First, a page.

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I was inspired in the section B48 of Guy's book ([1]) for ask myself a question that arises when one consider the sequence for integers $m\geq 1$

$$\mathcal{S}_m:=\prod_{n=1}^m\frac{s_n+1}{s_n-1}\tag{1}$$ where $s_n$ denotes the sequence of semiprimes, thus $s_1=4$, $s_2=6$, $s_3=9\ldots$, that is A001358 in the OEIS (see the Wikipedia Semiprime).

Seems that it is obvious that exists an integer $m_0$ for which $\forall m\geq m_0$ the denominator of $S_m$ (written as irreducible fraction) is an even integer, while that its numerator is odd, thus seems that the following conjecture is "obvious".

Conjecture. There exists an integer $m_0$ such that $\forall m\geq m_0$ $$\prod_{n=1}^m\frac{s_n+1}{s_n-1}$$ is never an integer.

What I am saying is that semiprimes as $9,33$ or $129$ add in the denominator of the corresponding $S_m$ powers of two with a great exponent. But I don't know how to get a rigorous proof from this heuristic. I've tested the conjecture for the first few dozens of semiprimes.

Question. What is/Is there a proof for the existence of an integer $m_0$ such that $\forall m\geq m_0$ $$\prod_{n=1}^m\frac{s_n+1}{s_n-1}$$ is never an integer? Many thanks.

I hope that this question isn't obvious, and good for this MathOverflow. Thanks all.

References:

[1] Richard K. Guy, Unsolved Problems in Number Theory, Unsolved problems in Intuitive Mathematics Volume I, Second Edition, Springer-Verlag (1994).

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    $\begingroup$ It is not clear to me why the sequence $\{s_n\}$ is particularly interesting in formulating a conjecture like this, rather than some other infinite sequence of positive integers. $\endgroup$ – Stanley Yao Xiao Aug 3 at 13:10
  • $\begingroup$ (1/2) Yes, @StanleyYaoXiao I am asking just about a sequence, because if with few computational evidence I ask about more sequences then the post doesn't seem serious. I thought, but I did not do the calculations for the sequence of square-free integers (the same product, specialization for squarefree integers, taken for $n\geq 2$), and I tried with variants of some of the best known sequences of figurate numbers, see the table in the encyclopedia MathWorld Figurate Number. Invoking a formula due to Sitaramachandrarao (see the Wikipedia Euler's totient function), then combining with the $\endgroup$ – user142929 Aug 4 at 8:08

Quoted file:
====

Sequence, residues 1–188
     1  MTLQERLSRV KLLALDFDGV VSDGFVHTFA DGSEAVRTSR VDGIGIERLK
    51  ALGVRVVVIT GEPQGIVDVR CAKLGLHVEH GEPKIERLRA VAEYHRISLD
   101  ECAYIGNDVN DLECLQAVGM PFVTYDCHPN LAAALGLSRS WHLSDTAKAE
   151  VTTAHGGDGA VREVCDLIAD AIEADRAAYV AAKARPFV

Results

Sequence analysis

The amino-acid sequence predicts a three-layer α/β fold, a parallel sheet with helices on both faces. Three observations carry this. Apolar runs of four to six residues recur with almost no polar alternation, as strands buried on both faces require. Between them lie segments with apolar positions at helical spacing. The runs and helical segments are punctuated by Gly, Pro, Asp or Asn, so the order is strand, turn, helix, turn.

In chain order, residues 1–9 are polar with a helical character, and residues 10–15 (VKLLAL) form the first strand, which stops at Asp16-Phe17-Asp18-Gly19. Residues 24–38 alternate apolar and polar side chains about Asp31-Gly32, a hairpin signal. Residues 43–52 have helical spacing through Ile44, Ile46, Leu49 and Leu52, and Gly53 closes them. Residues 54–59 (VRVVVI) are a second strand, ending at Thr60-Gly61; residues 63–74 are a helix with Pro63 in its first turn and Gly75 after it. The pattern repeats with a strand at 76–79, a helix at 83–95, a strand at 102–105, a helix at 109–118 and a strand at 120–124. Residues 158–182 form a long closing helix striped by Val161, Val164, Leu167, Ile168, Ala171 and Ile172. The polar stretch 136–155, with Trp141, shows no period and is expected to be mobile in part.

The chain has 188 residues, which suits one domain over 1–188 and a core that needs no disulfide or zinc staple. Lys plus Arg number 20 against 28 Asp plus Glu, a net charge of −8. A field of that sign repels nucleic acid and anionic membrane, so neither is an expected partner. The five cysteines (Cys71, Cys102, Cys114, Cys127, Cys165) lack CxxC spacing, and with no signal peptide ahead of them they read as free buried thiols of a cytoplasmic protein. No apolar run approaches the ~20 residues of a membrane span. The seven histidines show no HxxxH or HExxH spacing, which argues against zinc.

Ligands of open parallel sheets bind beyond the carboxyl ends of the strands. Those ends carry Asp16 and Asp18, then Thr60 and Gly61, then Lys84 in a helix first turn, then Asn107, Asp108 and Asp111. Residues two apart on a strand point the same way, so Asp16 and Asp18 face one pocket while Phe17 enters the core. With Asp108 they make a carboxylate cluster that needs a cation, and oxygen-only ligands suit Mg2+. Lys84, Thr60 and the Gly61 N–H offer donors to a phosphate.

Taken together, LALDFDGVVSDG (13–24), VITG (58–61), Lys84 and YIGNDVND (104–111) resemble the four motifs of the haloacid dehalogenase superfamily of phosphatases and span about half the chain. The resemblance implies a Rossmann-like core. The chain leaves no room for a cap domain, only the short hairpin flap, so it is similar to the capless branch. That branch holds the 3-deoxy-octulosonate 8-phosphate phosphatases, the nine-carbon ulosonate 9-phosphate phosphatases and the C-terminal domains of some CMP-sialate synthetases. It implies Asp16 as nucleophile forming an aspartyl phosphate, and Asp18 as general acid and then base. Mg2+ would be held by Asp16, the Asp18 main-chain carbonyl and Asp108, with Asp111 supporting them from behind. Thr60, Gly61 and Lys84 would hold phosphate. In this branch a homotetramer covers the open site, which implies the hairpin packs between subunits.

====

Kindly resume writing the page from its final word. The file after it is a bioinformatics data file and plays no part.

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    $\begingroup$ (2/2) convergence criteria for infinite products I know that $\prod_{n=2}^\infty\frac{n\varphi(n)+1}{n\varphi(n)-1}$ will be convergent, but I think that has no a nice closed-form. Thus this is an invitation if you, or some of your colleagues in MO want to study more variants (the problems that have a good mathematical content are those showed in Guy's book). With my computational evidence and mathematical experience, I could not propose a more interesting product. Many thanks again, as was said this is an invitation if some user want try to explore these products or variants of problems $\endgroup$ – user142929 Aug 4 at 8:08
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I made wrote a program in python to test it for more numbers. Here are the results:

numerator gets more factors of two again

longer time behaviour

You can see that, after a while, the numerator becomes even again. Then it goes back to being odd. I can't really see much of a pattern here, it looks indistinguishable from a random walk to me. Though it's true that numbers like 9 and 33 contribute many factors of 2 to the denominator, numbers like 15 and 511 contribute many factors of 2 to the numerator. There may be an argument that shows that one type wins out, but if so it isn't obvious to me.

The may still be some way of proving the overall conjecture, but it will probably require thinking about things besides just the number of factors of 2 involved.

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  • $\begingroup$ Many thanks you was generous with your contribution. $\endgroup$ – user142929 Aug 3 at 11:39

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